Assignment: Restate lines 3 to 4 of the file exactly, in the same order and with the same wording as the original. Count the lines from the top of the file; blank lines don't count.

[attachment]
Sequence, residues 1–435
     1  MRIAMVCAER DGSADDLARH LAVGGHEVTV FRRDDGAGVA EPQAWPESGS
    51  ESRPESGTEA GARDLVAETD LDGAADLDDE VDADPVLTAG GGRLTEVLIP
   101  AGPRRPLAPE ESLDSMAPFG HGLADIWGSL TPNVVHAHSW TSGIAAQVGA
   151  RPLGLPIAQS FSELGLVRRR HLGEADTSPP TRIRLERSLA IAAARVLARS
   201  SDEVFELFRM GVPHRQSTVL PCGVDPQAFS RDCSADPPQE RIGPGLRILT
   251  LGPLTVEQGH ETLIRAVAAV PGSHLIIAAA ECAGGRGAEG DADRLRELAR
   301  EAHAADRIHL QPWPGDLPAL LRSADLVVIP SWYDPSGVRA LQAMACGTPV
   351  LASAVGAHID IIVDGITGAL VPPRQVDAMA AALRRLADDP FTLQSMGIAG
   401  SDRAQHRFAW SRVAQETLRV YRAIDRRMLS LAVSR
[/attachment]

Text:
    51  ESRPESGTEA GARDLVAETD LDGAADLDDE VDADPVLTAG GGRLTEVLIP
   101  AGPRRPLAPE ESLDSMAPFG HGLADIWGSL TPNVVHAHSW TSGIAAQVGA